New Orleans Harley-Davidson motorcycles are American road classics. The company has problems from time to time. Sometimes there will be a backlog of orders, forcing customers to wait months and months for a particular bike that can run up and over $50,000. Other times, we will read that they have fallen behind imported cycles, or there is an uproar because they might move production to Mexico, or something. They are iconic, and they keep on trucking.
Honestly, they also have a certain reputation, we might say, and it’s not soccer moms, but more like Hell’s Angels, harking back to Hunter Thompson and James Dean. They conjure up an image of bad boys to the bone. If you’re ever in the West, when some of the riders roll towards Sturgis, South Dakota, you might even pull over when a gaggle of them get ready to pass your ride. Not all the crowd will be riding Harley’s, but most will wish they were and apologize for the difference.
I had a motorcycle a million years ago, and I’ve ridden some big ones, so I notice them on the road and in the parking lots of places where I stay. Maybe it’s the price or a wish finally fulfilled, but most of the riders I see these days are more the gray gang lining up for complementary breakfast, than the fellows we see in the movies crowding the bars with their molls.
That part of the tribe may be making their payments regularly, but I totally got the point when I read about the trials and tribulations of workers complaining about how hard it is to repossess a Harley from a deadbeat owner. Any of us who have also watched the classic, mid-80’s movie, “Repo Man”, know this is always a tough and thankless job and a heckuva a hard way to make a living. It doesn’t take much to understand that if a fellow had a chance at another job during the pandemic labor shortage, he might think twice about signing up with what they call the “recovery industry,” especially to take back Harley’s.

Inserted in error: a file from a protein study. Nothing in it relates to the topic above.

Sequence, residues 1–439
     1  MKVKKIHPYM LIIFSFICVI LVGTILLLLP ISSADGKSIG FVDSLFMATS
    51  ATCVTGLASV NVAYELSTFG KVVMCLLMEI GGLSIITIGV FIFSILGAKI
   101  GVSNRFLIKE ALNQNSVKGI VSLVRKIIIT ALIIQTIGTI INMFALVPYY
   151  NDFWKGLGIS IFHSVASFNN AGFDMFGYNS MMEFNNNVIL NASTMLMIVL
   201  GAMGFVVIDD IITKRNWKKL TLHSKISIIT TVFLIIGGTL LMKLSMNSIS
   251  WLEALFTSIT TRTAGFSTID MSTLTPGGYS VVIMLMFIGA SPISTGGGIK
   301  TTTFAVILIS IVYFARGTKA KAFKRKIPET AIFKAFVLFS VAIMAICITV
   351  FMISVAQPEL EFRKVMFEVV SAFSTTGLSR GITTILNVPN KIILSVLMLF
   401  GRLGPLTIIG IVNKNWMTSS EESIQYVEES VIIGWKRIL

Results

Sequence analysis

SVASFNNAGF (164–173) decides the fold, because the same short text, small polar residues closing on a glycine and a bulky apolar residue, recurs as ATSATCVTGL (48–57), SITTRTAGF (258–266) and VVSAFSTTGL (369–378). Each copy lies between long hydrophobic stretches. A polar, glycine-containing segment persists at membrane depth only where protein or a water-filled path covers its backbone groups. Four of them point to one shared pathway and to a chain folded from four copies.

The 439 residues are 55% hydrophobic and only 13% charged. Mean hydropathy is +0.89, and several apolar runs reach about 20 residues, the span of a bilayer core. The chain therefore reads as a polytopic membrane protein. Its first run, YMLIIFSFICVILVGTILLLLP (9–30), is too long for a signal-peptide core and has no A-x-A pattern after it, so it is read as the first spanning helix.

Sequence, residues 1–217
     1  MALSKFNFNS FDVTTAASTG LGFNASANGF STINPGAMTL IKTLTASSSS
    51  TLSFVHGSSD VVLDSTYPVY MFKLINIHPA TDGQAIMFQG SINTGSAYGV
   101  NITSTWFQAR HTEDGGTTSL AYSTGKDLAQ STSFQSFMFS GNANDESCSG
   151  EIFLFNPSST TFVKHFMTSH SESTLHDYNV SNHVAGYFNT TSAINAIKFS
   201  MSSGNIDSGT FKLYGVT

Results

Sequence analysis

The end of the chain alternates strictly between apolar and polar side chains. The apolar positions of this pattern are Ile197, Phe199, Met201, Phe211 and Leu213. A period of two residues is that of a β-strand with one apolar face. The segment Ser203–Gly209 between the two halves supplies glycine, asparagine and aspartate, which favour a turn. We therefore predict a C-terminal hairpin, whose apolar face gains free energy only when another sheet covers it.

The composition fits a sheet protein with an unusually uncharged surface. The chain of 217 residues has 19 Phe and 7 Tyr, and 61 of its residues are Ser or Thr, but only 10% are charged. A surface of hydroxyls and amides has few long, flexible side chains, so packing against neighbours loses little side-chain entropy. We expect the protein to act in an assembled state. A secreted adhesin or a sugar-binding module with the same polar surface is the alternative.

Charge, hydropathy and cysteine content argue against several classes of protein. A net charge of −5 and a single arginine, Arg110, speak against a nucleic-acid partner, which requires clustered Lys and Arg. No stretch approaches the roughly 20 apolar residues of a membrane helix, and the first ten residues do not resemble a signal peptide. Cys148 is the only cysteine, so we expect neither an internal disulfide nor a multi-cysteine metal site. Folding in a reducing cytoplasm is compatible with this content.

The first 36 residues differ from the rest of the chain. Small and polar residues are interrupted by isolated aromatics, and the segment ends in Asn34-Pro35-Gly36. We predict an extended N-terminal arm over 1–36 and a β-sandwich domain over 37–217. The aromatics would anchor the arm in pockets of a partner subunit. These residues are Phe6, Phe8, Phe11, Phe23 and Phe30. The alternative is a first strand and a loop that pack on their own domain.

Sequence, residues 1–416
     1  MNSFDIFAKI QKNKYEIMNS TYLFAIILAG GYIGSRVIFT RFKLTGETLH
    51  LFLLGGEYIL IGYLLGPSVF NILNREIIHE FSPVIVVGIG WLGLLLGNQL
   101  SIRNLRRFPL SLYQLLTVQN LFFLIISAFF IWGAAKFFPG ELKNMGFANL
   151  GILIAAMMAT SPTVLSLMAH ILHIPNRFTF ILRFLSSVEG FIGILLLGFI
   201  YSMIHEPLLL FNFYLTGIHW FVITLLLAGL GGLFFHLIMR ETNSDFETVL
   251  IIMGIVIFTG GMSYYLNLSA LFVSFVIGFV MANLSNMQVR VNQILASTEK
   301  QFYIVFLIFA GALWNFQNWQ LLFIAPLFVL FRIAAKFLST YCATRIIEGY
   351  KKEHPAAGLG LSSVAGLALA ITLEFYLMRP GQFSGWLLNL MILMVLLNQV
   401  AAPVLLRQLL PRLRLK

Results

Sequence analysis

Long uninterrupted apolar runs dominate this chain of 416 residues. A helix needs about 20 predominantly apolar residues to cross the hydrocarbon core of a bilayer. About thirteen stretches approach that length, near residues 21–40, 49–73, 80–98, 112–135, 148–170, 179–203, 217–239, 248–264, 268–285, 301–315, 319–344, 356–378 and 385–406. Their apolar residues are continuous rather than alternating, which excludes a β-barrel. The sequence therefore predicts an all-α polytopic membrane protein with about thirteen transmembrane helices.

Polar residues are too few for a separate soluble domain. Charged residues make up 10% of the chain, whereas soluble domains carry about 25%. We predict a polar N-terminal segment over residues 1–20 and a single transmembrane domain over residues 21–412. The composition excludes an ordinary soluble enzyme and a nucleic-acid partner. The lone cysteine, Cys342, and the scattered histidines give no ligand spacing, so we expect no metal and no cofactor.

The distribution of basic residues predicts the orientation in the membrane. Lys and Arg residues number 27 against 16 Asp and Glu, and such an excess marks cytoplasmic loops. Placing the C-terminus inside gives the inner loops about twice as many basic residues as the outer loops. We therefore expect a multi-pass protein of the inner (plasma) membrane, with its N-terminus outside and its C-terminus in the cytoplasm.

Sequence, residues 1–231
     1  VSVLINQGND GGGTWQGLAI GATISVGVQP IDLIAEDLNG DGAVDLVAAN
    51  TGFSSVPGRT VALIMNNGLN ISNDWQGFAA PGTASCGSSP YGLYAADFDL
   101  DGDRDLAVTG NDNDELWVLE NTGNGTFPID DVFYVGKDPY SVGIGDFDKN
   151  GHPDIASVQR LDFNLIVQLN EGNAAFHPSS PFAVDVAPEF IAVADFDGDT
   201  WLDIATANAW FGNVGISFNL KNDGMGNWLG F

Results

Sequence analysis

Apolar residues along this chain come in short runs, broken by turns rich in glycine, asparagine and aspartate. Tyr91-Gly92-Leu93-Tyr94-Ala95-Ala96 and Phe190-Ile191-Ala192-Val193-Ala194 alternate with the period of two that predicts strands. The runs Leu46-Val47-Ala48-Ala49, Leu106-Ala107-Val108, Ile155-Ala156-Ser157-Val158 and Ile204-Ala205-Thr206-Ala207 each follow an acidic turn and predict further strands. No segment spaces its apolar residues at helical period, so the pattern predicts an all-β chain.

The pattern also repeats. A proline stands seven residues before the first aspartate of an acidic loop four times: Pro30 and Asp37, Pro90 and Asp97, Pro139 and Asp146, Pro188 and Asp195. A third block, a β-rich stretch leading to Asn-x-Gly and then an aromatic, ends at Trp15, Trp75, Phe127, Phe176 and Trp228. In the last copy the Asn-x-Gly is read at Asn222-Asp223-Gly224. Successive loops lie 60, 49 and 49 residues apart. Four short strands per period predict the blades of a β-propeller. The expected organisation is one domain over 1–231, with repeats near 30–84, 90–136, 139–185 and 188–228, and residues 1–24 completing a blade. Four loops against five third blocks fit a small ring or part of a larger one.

It also turns out that defining this job as precarious or gig, is almost like putting sugar in your coffee, and doesn’t come close to gripping the reality. Lenders only pay $350 for a repo. “Some repossession companies said Harley doesn’t pay enough for a job that is more complex and dangerous than reclaiming cars – and, like other lenders, doesn’t pay at all if a recovery agent (they mean repo man) fails to come back with the goods.” Harley’s representatives were whining about their quarterly financials to investors, because they had a higher loan default rate than usual, (see news of a potential recession), and that they could not get enough folks to do repo’s. One guy was quoted saying, “Who wants to back up in a driveway at 3 a.m. and get shot at…you can make the same money doing something else.” He’s got a point, especially when many of these hogs are garaged, rather than being like cars parked on the street, that you can hook and haul.
This is one of those deals where everyone loses, and no one is a hero. Harley ought to charge less. Harley ought to offer more forbearance to pay their bills. Harley ought to pay more for anyone wild enough to take on this job. Nothing about this story is “right on!”, even if it’s all about “ride on!”